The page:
Why 'The Sopranos' Had to Shoot 'Pine Barrens' Outside of New Jersey

When David Chase was developing The Sopranos for Fox, executives assumed Chase would shoot the show in Los Angeles. Maybe he’d have a unit shoot some exteriors on the East Coast, but they figured the bulk of the filming would go down in L.A. studios. It would only be “set” in New Jersey.

Chase had other ideas. “I said, ‘No. I’m gonna shoot the whole thing in Jersey,’” Chase said in a 2000 interview with Peter Bogdanovich. “And you could tell [executives] were looking at you like, ‘Interesting, you simpleton. That’s never going to happen.’”

But Chase stuck to his guns, and after Fox passed on The Sopranos, the show found a home at HBO. There, Chase had the money and freedom to produce the series as he’d planned. And New Jersey (i.e., real locations in the state) played a starring role on the show.

Yet “Pine Barrens,” one of the show’s greatest episodes, was not filmed in the Garden State. In the original plan, producers had an Essex County location lined up, only to be shut down by local politicians who objected to how the show portrayed Italian-Americans.

‘The Sopranos’ couldn’t shoot ‘Pine Barrens’ in New Jersey because politicians disapproved of the show

Residents of New Jersey and New York will recognize one location after another watching the show. Whether it’s the historic Jersey City cemetery, old John’s restaurant on 12th St. (in Manhattan’s East Village), or various spots in Newark, the show made excellent use of its environs.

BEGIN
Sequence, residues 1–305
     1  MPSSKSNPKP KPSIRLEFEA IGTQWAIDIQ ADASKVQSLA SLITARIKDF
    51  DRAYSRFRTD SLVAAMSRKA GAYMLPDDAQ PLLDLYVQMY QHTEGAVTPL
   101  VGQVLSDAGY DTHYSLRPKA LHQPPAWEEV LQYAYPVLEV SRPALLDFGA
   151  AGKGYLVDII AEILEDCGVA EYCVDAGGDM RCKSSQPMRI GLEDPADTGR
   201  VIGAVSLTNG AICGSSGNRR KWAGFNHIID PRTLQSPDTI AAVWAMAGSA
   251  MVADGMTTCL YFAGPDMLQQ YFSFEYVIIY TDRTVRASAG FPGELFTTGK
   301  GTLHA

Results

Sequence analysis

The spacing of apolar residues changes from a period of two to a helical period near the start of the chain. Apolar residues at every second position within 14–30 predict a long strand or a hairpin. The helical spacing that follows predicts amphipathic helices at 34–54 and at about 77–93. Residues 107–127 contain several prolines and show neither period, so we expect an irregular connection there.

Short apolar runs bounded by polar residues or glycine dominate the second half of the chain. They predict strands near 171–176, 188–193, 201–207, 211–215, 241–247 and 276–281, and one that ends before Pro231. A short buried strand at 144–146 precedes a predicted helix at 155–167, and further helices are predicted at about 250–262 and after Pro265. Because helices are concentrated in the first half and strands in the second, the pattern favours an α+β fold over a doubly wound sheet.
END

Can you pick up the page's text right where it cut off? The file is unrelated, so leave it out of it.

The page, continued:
That was the plan for “Pine Barrens” as well. Prior to shooting the season 3 episode, producers scouted a location in the South Mountain Reservation of Essex County. However, county executive James Treffinger, an Italian-American, declined the show’s request to shoot there.

As the AP reported in 2001, the county’s original rejection cited “noise and safety concerns.” But there was more to it. “I have no intention of granting a permit for our taxpayer-owned facilities for a profit-making enterprise which depicts an ethnic group in stereotypical fashion,” Treffinger added.

County sheriff Armando Fontoura seconded that motion. “I don’t think the show is good for Essex County,” Fontoura said. With that, the Sopranos had to scramble for an alternate site. And they found the one they used in West Point, NY.

The Essex County politician who objected to ‘The Sopranos’ was convicted on corruption charges

While Treffinger rejected The Sopranos on moral grounds, the Essex County executive wasn’t exactly walking the ethical walk. After pleading guilty to corruption charges (part of a 20-count indictment), Treffinger received a 13-month prison sentence in 2003, the New York Times reported.

In a round-table discussion that appeared in The Sopranos Sessions (2019), Chase and “Pine Barrens” writer-producer Terence Winter relished this part of the story. After recalling how they lost their original location for the episode, Winter called Treffinger’s conviction “the greatest punchline ever.”

“[Treffinger] said he wouldn’t let us shoot there because this gave a black eye to Italian-Americans,” Winter recalled. “And then he himself went to jail for accepting bribes. You couldn’t write this stuff.”

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